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Fortis Inc. eyes huge hydro dam project on Similkameen River
The company that owns FortisBC is moving ahead with a project that could see a massive $350-$400 million hydroelectric dam built on the Similkameen River near Princeton – a project that would dramatically alter the amount of water flowing into Osoyoos Lake.
Bob Gibney, senior manager of corporate services and aboriginal affairs for FortisBC, made a presentation to Town of Osoyoos council Tuesday explaining how the proposed hydroelectric dam project by Fortis Inc. could potentially provide power to tens of thousands of homes and businesses in the South Okanagan and potentially across the border in the United States.
Gibney made it very clear there are many hurdles to clear before this project ever becomes reality, including a huge environmental assessment component and receiving the co-operation and approval of 10 First Nation bands in the region.
“All we have at this point in time is an idea,” said Gibney.
Fortis Inc. is the Canadian company which has its head office in St. John’s, Nfld. Fortis Inc. is the parent company of Fortis Generation and FortisBC, the gas and electric company that provides power to tens of thousands of customers in British Columbia, including many in Osoyoos and across the South Okanagan.
This entire project, if it ever becomes reality, would be funded by Fortis Inc. and would not impact FortisBC gas or electric customers in any way, said Gibney.
“Gas or electric customers with FortisBC do not pay for Fortis Inc. or generation projects and rates are not impacted,” he said.
Fortis Inc. has expertise in owning and operating generation facilities throughout Canada, the United States and the Caribbean, he said.
The proposed dam would be located 15 kilometres south of Princeton and Highway 3 going through Hope, he said.
The dam would be 165 metres high (541 feet) and 500 metres (1,640 feet) wide, with a reservoir of 20 kilometres and would create 154,000 acre-ft. of annual storage, he said.
The dam would be built using rolled compacted concrete with an ungated spillway for flood control and produce 45 to 65 megawatts of hydroelectric capability and 205-220 gigawatt hours of average annual energy.
Under a “best case scenario” where all environmental, governmental and First Nation concerns were agreed upon and approved, construction could start in the summer of 2018 with the proposed in-service date being late summer 2020, said Gibney.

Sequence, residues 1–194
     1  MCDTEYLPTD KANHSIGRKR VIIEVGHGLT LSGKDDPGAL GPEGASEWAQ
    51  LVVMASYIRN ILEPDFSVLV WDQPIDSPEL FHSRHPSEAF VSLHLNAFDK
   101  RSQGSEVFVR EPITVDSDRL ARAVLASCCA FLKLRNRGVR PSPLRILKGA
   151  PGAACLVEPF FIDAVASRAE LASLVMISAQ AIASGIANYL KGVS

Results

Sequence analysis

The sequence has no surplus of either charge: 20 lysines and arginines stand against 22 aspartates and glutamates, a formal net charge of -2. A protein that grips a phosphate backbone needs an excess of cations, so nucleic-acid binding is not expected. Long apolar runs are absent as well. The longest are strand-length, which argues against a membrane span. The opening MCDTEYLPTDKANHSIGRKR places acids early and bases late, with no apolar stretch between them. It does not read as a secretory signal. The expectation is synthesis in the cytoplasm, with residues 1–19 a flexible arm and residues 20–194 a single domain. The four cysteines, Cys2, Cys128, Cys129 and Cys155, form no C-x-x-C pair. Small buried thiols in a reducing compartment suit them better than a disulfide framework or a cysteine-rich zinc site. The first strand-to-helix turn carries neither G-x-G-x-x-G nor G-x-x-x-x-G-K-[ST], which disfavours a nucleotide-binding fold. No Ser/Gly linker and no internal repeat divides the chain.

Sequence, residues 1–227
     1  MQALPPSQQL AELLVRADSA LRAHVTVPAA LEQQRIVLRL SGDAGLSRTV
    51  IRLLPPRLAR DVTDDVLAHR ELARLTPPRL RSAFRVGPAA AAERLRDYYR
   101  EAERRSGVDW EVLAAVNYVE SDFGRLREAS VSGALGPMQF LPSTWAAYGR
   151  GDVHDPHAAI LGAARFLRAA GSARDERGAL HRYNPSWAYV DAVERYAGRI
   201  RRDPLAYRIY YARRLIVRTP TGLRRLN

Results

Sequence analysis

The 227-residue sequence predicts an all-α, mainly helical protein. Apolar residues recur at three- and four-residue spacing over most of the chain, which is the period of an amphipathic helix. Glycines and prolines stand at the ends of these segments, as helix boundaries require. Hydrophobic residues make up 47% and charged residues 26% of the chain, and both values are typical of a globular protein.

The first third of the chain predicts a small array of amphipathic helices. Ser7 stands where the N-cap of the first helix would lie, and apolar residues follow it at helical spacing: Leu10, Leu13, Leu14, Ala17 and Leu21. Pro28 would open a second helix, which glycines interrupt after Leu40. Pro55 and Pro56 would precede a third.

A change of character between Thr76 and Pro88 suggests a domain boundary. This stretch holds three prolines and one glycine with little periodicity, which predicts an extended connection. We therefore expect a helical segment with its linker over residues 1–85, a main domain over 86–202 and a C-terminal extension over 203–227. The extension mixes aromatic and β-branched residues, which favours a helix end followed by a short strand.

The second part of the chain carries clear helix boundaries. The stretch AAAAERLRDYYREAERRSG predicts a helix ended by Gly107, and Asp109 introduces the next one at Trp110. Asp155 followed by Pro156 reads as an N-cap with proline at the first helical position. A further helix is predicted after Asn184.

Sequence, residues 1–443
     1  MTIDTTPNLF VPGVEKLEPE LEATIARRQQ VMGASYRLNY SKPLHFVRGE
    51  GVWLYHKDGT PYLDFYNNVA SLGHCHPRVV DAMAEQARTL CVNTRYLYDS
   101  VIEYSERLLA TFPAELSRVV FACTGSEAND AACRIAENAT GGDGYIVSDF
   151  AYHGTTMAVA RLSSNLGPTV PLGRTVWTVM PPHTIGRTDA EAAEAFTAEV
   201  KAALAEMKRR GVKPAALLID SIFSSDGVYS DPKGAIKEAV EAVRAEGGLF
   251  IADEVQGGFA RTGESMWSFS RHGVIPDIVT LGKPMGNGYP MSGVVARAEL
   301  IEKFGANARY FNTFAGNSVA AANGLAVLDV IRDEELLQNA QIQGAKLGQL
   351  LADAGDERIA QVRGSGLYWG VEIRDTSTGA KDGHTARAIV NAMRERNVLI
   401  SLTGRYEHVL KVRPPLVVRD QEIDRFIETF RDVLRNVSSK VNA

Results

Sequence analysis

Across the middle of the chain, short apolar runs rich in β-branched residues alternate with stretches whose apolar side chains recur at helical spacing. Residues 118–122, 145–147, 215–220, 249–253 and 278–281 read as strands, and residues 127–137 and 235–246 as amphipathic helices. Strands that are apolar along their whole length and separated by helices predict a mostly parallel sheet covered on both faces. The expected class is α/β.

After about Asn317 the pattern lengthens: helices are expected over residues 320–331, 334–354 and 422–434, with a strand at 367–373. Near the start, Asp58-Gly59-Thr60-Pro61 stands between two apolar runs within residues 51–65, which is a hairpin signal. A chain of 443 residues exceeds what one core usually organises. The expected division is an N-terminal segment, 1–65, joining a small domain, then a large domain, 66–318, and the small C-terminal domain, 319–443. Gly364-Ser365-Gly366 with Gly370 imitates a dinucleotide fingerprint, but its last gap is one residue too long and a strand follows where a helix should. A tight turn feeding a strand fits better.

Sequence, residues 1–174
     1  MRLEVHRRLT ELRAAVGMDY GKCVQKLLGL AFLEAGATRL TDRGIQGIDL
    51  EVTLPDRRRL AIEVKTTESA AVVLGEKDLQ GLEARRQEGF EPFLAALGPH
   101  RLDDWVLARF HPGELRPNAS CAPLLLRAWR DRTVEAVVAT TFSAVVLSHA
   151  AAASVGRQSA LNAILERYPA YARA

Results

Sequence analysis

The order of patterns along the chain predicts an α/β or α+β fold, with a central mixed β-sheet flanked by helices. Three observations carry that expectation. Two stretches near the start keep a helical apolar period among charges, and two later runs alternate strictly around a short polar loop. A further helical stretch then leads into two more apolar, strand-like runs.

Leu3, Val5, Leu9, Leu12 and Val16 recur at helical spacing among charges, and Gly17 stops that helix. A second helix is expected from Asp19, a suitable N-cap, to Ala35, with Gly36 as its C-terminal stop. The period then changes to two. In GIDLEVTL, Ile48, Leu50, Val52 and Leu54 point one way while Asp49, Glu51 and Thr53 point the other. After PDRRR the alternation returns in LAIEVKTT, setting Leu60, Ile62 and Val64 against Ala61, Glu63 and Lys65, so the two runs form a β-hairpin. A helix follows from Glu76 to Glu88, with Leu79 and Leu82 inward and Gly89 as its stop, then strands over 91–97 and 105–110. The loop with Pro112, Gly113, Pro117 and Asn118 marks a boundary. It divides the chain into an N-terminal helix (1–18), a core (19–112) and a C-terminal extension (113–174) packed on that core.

“This is a huge project … and this is a huge dam we’re talking about,” he said.
Project benefits would be water shaping to improve water availability to downstream users, flood risk reduction on Osoyoos Lake, less flow variety that would provide a reliable water source to the region during summer months, potential water quality improvements and renewable hydro generation, he said.
First Nation engagement with the Osoyoos Indian Band, Penticton Indian Band, Lower and Upper Similkameen Indian Bands and several others has been initiated and is ongoing, he said.
A complete pre-feasibility study has been completed and environmental assessment and permit initiation process is also complete, said Gibney.
Complete conceptual engineering should be completed in the next couple of months and Fortis Inc. management is expected to make a final investment decision by late next year, he said.
If an environmental certificate and First Nations approval is granted, design and pre-construction could be finished by the end of 2017 with construction commencing in the spring or summer of 2018, he said.
The environmental assessment phase will take at least 2.5 years and Fortis Inc. has committed to being “completely open and transparent” about its plans for this project throughout, said Gibney.
“Those who are in favour and those who are opposed to the project will be given ample opportunity to let their opinions known,” he said.
He has already made numerous presentations about the proposal to municipal councils across the region and he and several top brass from Fortis will be making an appearance before the Regional District of Okanagan-Similkameen board on Thursday.
If this project proceeds, energy would be “sold on the open market” in Canada and the United States as the company would have to get a return on its huge investment, said Gibney.
“We will charge what the market will bear,” he said.
There is an abundance of large-scale energy generation projects taking place across B.C. at the moment and Fortis management must decide if there will be a market for the huge amount of power that would be developed from this hydroelectric project in the future, said Gibney.
Because of the scope and magnitude of this project, Fortis could well develop this dam project in phases as it’s not unusual for projects this size to take years to complete from the beginning of construction until actual operation, he said.
“Any significant cost escalation could put the project on hold for some time,” he said.
Mayor Stu Wells said the size and scope of this project is impressive and he hopes Fortis management will continue to keep council informed about this project moving forward.
Gibney said that would not be a problem as Fortis has agreed to keep all local leaders and local residents apprised of its plans relating to this project moving forward.